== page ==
• John
  • Felde
  • University of Maryland
  • USA

Latest Posts

  • USLHC
  • USLHC
  • USA

  • James
  • Doherty
  • Open University
  • United Kingdom

Latest Posts

  • Andrea
  • Signori
  • Nikhef
  • Netherlands

Latest Posts

  • CERN
  • Geneva
  • Switzerland

Latest Posts

  • Aidan
  • Randle-Conde
  • Université Libre de Bruxelles
  • Belgium

Latest Posts

  • TRIUMF
  • Vancouver, BC
  • Canada

Latest Posts

  • Laura
  • Gladstone
  • MIT
  • USA

Latest Posts

  • Steven
  • Goldfarb
  • University of Michigan

Latest Posts

  • Fermilab
  • Batavia, IL
  • USA

Latest Posts

  • Seth
  • Zenz
  • Imperial College London
  • UK

Latest Posts

  • Nhan
  • Tran
  • Fermilab
  • USA

Latest Posts

  • Alex
  • Millar
  • University of Melbourne
  • Australia

Latest Posts

  • Ken
  • Bloom
  • USLHC
  • USA

Latest Posts

Steve Nahn | USLHC | USA

View Blog | Read Bio

You get what you pay for

Now, I know that there is impending doom on Wall St and all (How did that happen in fact? Anyone asking that question before we taxpayers bail out the economy?) but as we write Congress is going to consider a continuing resolution since we don’t have an appropriations bill. This means the same funding next year as last year, which was a disaster for science before a “Deus ex Machina” partial recovery that no one wants to relive. Here’s what the president of the American Physical Society has to say:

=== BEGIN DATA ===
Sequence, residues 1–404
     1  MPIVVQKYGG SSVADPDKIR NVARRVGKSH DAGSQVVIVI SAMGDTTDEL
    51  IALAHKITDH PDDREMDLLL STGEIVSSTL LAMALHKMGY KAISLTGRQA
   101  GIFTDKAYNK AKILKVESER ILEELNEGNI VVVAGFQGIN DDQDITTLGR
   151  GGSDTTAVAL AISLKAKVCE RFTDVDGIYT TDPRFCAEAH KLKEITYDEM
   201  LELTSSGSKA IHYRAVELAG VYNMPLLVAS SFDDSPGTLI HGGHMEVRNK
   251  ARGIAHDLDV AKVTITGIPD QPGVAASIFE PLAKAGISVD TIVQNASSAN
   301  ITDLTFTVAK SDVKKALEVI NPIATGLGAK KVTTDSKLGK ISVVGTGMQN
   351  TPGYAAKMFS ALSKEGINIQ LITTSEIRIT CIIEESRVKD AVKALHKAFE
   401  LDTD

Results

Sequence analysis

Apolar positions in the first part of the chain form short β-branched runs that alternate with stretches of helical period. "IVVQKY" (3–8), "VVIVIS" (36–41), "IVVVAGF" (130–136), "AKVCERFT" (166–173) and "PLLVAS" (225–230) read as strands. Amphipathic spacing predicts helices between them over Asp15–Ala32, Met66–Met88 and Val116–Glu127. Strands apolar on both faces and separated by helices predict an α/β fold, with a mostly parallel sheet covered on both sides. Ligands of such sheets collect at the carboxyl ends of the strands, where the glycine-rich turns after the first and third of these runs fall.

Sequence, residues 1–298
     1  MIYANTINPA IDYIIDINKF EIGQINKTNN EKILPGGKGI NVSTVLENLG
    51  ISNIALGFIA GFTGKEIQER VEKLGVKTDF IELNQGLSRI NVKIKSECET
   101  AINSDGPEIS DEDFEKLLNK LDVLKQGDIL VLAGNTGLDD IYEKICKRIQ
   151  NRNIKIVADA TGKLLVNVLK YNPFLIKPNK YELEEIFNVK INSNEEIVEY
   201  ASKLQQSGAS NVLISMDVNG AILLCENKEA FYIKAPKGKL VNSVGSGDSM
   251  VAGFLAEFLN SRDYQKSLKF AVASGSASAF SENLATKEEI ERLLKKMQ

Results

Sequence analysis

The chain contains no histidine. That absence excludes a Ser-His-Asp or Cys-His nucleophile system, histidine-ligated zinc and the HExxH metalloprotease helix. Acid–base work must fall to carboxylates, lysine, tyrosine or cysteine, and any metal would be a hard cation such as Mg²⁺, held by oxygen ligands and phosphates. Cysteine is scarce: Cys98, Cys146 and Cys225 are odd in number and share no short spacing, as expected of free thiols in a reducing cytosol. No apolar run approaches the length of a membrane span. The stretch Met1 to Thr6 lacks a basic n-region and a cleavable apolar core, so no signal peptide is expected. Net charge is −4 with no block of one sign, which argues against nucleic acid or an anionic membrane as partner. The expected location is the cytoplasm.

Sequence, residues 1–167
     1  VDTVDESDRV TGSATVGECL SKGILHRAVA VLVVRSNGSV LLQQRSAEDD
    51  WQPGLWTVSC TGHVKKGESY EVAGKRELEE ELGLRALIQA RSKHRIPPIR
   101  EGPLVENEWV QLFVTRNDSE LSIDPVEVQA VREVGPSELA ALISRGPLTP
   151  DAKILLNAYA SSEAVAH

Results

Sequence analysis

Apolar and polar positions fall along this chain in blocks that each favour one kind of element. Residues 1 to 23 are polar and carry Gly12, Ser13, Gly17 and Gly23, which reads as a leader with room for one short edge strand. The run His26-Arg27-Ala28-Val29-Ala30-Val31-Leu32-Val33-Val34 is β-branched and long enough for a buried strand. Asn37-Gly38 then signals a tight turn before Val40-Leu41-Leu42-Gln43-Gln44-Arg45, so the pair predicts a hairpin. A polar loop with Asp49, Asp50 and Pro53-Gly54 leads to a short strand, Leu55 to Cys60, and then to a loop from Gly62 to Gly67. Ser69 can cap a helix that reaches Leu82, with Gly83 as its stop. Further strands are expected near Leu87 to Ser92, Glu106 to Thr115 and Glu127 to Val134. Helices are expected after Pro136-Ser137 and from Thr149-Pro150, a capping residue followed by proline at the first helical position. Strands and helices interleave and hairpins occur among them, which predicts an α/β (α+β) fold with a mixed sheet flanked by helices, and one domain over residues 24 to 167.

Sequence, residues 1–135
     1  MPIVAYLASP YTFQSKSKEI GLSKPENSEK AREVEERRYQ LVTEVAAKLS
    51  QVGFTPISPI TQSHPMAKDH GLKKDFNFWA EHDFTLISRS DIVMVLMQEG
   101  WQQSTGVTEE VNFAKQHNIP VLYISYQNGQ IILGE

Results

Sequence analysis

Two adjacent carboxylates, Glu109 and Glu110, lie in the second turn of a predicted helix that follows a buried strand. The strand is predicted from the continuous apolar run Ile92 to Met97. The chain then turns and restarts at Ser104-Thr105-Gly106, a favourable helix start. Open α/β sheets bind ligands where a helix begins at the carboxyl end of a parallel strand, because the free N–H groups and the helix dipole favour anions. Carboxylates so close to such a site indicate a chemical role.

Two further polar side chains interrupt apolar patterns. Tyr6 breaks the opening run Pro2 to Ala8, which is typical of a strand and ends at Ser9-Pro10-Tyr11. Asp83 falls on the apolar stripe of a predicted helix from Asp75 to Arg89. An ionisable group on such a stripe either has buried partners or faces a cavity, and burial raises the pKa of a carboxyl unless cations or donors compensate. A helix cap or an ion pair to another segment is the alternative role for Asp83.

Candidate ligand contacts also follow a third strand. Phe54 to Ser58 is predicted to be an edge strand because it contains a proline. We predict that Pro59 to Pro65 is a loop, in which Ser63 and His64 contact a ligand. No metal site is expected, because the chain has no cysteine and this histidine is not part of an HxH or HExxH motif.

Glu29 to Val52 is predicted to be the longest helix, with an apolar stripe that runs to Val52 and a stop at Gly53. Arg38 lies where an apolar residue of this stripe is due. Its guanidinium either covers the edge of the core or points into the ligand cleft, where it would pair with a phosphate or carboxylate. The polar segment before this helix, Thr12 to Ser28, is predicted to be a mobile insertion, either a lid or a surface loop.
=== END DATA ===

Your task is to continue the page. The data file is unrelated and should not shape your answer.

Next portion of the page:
Congress has not passed any FY 2009 appropriations bills and is now finalizing a Continuing Resolution (CR) that will keep the government operating when the new fiscal year begins on October 1, 2008. The House is expected to consider the bill on Thursday or Friday of this week. The CR, according to the latest information, will remain in effect until March 6, 2009 and would keep all federal programs operating at FY 2008 levels, except those granted waivers. At this time, science is not on the waiver list, and the proposed bill would not include any of the science increases contained in the Supplemental Appropriations bill Congress passed earlier this year. Unless science receives a waiver, the impact will be extraordinarily damaging.

Specifically,

  • Department of Energy user facilities would be forced to cut back operations substantially
  • A new round of layoffs at the national laboratories could occur
  • The number of university grants would be cut, with new, young investigators especially harmed
  • and

  • The U.S. would be forced to cut to near zero its planned contributions to the global fusion energy project, ITER, damaging the nation’s ability to participate in future international scientific collaborations

Another great read is the editorial written by Norman Augustine, chairman of the “Gathering Storm” commission, in the current edition of Science – I’m pretty sure I’d break a few copyright laws by posting it, but if you have access to Science through an online subscription you can have a look– it is a very poignant look at how science funding is going in the US compared to the rest of the world.

I’m preaching to the choir, and perhaps abusing my podium a bit (note, I am trying to be nonpartisan – this is just if you want the US to continue to lead the world in scientific endeavours), but I suggest you write your representatives and tell them how you feel about Science support in the US. It is easy, just start here

OK, step back from the soap box! On a side note, 60 Minutes has a segment on “The Collider” this week which may prove to be interesting (or embarrasing…)

Share